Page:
This experience prompted Kim to record a whole new album. ‘Never say never’ was released by EMI Germany in 2006 and after encouraging sales figures, Kim went on the biggest solo tour of her musical career in 2007. She played over 40 live concerts on the European continent and, for the first time ever, in Russia. Touring went on in 2008 and 2009 with many festival dates and a spring tour in 2009.
In 2010, Kim Wilde will release her eleventh studio album after having signed a worldwide recording deal with Starwatch.

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The Real Thing biography

The Real Thing, a Liverpool based vocal group, had its origins in the Merseybeat boom of the 1960s. Eddie Amoo was a former band member of The Chants, whose beat singles gathered considerable critical acclaim, although they failed to chart. After continuing to record for various record labels, the band split.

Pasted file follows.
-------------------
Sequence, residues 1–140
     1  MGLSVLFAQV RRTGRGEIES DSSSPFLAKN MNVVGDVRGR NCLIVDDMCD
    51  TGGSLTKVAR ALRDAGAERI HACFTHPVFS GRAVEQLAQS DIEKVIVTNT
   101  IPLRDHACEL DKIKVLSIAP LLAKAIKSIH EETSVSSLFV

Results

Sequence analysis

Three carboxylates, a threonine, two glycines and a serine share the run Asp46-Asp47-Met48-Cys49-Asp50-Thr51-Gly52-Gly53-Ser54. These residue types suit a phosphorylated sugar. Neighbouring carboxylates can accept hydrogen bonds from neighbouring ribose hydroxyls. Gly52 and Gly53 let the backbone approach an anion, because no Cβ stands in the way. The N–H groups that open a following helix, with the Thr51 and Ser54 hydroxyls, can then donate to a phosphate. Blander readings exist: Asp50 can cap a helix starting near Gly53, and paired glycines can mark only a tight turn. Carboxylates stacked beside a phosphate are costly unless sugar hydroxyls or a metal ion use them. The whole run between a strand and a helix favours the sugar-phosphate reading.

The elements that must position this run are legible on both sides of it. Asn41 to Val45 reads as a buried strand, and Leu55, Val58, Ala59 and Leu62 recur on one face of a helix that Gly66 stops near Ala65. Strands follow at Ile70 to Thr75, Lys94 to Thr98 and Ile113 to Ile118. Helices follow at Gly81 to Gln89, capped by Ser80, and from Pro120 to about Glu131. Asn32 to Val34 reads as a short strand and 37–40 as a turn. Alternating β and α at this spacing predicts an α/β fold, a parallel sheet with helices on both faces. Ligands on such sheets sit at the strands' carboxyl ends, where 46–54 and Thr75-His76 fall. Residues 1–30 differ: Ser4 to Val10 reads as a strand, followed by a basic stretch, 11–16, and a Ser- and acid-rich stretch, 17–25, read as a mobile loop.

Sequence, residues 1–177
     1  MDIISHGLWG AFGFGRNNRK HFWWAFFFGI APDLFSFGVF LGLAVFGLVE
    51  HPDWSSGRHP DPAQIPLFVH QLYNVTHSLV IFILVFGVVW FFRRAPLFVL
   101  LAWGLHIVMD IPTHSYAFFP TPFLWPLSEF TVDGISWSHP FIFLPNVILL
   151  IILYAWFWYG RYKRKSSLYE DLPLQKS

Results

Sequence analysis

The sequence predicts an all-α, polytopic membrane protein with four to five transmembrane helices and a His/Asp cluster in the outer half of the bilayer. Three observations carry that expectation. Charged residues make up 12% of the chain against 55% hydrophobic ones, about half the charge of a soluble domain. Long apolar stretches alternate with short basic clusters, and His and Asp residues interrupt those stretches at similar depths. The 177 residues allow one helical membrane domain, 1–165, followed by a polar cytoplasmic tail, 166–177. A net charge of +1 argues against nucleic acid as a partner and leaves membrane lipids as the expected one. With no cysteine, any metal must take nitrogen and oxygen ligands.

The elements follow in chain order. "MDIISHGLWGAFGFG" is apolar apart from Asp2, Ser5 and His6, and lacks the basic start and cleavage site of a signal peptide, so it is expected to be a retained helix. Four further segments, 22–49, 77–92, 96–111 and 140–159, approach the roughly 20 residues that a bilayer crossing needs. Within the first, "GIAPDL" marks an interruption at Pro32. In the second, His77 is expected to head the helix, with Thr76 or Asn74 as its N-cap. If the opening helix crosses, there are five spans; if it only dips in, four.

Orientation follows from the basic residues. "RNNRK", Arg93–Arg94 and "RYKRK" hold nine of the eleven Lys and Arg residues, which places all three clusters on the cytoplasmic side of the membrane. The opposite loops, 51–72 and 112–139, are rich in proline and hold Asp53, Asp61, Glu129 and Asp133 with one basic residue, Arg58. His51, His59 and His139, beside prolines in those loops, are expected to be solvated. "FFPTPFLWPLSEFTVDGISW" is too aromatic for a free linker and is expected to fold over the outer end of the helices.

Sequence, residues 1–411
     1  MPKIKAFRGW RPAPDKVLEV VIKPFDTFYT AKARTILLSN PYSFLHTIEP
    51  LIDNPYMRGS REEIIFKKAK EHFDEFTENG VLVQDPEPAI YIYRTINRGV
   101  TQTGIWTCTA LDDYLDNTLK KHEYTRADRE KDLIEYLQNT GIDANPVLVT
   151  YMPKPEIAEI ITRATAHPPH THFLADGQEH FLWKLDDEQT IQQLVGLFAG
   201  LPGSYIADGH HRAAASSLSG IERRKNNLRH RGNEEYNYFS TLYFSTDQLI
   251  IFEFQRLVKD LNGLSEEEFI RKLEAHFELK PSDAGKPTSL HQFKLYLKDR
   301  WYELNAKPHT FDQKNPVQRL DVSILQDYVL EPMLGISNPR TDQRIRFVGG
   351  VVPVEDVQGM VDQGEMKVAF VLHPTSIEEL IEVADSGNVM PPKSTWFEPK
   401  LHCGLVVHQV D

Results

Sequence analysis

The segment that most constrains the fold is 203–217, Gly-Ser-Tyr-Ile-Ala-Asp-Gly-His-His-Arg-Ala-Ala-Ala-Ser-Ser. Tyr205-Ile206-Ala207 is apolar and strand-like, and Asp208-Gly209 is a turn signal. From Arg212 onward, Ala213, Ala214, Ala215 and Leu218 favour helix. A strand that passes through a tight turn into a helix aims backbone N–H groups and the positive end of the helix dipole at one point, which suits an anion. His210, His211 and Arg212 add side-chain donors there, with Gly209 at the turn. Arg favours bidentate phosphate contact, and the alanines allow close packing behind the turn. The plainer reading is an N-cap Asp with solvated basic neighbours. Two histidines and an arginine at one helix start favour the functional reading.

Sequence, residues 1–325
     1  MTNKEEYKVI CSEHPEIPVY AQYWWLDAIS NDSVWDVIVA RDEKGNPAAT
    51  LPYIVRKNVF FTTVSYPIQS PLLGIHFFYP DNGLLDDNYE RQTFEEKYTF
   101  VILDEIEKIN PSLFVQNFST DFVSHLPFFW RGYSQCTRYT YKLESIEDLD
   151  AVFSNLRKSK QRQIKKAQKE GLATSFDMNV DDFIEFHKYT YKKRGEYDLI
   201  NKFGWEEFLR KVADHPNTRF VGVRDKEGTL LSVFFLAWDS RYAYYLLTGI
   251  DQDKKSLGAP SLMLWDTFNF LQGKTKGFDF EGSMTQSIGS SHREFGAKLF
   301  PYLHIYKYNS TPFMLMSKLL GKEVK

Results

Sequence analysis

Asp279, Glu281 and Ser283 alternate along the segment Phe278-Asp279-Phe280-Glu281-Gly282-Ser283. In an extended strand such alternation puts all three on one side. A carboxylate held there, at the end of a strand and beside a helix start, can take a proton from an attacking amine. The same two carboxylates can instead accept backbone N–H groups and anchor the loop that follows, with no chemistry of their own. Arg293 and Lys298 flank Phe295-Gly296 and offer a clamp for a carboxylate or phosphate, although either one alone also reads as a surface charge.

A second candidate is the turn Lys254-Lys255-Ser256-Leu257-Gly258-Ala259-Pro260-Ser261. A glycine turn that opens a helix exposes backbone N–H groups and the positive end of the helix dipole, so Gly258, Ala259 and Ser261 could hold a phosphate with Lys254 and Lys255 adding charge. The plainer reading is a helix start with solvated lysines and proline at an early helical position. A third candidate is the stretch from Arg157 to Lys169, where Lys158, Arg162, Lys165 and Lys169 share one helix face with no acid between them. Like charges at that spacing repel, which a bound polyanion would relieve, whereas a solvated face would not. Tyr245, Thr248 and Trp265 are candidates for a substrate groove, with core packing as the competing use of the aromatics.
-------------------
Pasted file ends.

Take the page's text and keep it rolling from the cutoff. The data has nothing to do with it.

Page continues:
The Real Thing were formed in 1972 by Chris Amoo, Ray Lake, Dave Smith, Kenny Davis and Edward Ankrah. They got their big break following an appearance on the Opportunity Knocks ITV talent show.

They were spotted by an ex-Radio Luxembourg DJ, Tony Hall, who played a significant part in their early career development. Even so, success was not immediate, and recording contracts they signed with a couple of major record labels came to nothing. Then, in 1975, they signed to Pye Records. Touring as backing singers with David Essex for a spell also helped to increase their profile. Davis and Ankrah dropped out and Eddie Amoo joined in 1975 as an additional vocalist.